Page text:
Sunday, December 7, 2014

Accountability for Police

Redditt Hudson, a former cop, now works for the NAACP and chairs the board of the Ethics Project. He left the St. Louis Police Department because he could no longer "participate in a system that was so intentionally unfair and racist."

Like any top group with power who is allowed to act without considering the interest of people in lower groups, Mr. Hudson says of the police department, "The problem is that cops aren’t held accountable for their actions, and they know it. These officers violate rights with impunity. They know there’s a different criminal justice system for civilians and police."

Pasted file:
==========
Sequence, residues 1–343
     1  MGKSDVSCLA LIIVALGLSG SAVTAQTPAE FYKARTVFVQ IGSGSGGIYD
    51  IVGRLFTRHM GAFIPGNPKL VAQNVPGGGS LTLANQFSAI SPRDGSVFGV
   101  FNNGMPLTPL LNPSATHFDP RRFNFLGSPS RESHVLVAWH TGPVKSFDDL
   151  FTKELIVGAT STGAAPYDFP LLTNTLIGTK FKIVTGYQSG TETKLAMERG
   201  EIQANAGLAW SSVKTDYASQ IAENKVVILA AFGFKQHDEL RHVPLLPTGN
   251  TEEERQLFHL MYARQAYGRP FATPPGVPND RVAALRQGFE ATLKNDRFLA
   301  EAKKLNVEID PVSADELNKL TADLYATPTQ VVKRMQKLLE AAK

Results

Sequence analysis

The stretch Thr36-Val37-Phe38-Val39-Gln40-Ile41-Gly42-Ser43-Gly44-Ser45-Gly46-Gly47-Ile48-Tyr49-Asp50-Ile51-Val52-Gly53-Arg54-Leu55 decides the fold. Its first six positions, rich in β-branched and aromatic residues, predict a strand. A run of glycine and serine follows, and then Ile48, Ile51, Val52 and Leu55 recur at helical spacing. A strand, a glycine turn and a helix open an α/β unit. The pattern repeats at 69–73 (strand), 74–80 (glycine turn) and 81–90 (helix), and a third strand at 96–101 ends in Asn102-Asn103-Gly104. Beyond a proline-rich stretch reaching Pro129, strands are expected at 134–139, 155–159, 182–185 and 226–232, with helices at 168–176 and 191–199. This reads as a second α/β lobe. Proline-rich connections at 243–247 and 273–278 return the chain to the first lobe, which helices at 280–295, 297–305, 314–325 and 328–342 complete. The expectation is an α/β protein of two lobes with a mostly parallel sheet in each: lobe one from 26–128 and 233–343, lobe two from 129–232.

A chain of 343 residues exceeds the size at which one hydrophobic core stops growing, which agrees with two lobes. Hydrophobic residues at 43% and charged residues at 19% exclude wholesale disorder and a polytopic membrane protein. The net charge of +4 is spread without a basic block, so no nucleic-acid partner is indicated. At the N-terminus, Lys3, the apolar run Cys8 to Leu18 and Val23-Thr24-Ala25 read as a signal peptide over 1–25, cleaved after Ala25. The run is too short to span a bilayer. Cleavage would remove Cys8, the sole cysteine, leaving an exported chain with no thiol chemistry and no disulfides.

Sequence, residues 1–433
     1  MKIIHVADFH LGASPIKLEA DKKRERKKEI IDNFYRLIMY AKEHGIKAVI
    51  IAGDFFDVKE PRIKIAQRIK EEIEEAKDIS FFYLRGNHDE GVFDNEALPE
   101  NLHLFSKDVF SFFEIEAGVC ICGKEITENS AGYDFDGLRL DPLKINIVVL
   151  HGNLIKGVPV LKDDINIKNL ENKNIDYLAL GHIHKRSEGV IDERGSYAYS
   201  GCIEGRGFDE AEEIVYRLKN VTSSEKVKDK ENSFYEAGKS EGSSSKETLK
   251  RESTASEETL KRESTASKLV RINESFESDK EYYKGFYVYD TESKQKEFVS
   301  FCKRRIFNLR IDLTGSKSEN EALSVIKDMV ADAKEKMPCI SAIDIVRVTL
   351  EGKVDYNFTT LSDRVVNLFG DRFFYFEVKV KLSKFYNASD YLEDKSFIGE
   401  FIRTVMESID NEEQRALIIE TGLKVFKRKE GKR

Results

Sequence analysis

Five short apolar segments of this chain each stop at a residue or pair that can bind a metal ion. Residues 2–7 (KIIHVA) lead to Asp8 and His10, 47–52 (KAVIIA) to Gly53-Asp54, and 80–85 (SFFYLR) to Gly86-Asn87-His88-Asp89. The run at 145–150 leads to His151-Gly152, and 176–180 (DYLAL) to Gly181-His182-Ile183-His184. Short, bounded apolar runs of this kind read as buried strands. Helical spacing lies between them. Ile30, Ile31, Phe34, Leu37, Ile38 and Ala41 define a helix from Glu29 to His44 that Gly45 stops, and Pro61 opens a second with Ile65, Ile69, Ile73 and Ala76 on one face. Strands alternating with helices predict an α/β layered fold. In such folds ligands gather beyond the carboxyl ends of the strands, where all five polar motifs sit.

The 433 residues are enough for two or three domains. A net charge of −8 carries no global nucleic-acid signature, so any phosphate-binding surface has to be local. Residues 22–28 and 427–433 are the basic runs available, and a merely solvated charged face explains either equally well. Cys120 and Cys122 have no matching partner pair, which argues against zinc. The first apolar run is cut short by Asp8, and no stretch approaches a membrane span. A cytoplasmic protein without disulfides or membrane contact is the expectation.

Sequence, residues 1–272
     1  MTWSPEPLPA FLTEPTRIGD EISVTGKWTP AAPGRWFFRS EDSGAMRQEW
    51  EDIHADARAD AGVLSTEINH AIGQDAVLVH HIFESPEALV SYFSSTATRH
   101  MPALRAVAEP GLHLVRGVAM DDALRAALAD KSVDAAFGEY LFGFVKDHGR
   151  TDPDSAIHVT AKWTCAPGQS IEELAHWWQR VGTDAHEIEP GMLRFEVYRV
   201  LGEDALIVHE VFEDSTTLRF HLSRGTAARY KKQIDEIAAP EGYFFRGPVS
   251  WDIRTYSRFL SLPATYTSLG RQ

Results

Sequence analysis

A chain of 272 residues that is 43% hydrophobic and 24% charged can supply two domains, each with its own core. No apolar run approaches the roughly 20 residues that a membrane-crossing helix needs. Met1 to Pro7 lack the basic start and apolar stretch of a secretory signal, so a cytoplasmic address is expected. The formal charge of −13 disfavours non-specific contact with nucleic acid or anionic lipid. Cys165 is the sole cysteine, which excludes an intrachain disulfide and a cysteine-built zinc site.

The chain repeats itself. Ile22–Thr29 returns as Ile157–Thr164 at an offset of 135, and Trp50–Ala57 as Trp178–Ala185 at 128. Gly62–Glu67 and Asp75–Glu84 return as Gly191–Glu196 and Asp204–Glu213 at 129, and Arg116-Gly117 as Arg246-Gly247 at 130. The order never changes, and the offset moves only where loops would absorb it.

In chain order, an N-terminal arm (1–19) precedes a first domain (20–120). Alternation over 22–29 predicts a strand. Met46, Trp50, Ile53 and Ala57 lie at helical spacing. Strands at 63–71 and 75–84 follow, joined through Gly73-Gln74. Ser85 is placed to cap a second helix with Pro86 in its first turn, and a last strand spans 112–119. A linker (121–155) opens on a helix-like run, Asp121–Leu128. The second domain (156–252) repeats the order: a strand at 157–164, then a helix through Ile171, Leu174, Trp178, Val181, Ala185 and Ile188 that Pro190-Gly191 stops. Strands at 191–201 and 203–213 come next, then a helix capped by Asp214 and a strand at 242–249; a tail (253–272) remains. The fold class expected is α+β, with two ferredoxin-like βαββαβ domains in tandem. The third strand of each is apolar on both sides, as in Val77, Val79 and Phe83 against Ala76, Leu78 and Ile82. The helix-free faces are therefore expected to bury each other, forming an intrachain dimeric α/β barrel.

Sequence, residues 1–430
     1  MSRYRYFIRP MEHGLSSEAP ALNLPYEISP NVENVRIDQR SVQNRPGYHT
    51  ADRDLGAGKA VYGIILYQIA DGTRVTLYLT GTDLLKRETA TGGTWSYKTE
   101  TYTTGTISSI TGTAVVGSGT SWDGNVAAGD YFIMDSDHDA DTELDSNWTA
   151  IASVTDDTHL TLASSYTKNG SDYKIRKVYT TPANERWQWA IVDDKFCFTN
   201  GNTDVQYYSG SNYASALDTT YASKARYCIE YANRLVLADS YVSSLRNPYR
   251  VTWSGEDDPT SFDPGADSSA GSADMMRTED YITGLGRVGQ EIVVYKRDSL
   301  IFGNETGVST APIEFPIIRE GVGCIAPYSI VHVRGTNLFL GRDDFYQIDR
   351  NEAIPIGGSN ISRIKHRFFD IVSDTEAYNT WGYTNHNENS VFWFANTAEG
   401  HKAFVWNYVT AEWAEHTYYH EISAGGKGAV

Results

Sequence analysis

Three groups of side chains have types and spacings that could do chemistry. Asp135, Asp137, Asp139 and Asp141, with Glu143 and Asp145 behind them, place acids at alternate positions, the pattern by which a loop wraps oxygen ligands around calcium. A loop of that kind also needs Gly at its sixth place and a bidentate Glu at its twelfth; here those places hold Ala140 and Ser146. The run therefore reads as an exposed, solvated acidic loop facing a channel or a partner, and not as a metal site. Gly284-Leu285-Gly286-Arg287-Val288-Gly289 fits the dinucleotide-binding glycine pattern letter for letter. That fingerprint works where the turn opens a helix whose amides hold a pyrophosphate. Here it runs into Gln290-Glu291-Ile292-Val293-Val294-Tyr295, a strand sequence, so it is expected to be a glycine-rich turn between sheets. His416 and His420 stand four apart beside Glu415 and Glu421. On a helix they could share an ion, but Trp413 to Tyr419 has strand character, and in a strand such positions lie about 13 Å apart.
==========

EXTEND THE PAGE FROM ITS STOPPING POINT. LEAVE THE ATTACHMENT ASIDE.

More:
He goes on to say, "Even when officers get caught, they know they’ll be investigated by their friends, and put on paid leave. My colleagues would laughingly refer to this as a free vacation. It isn’t a punishment. And excessive force is almost always deemed acceptable in our courts and among our grand juries. Prosecutors are tight with law enforcement, and share the same values and ideas."

All over the country, we are having a conversation about holding police accountable. In many ways, allowing police to be unaccountable is similar to many other hierarchies where the top wants to call the shots, no matter how it detrimentally affects the lives of the people it works to control.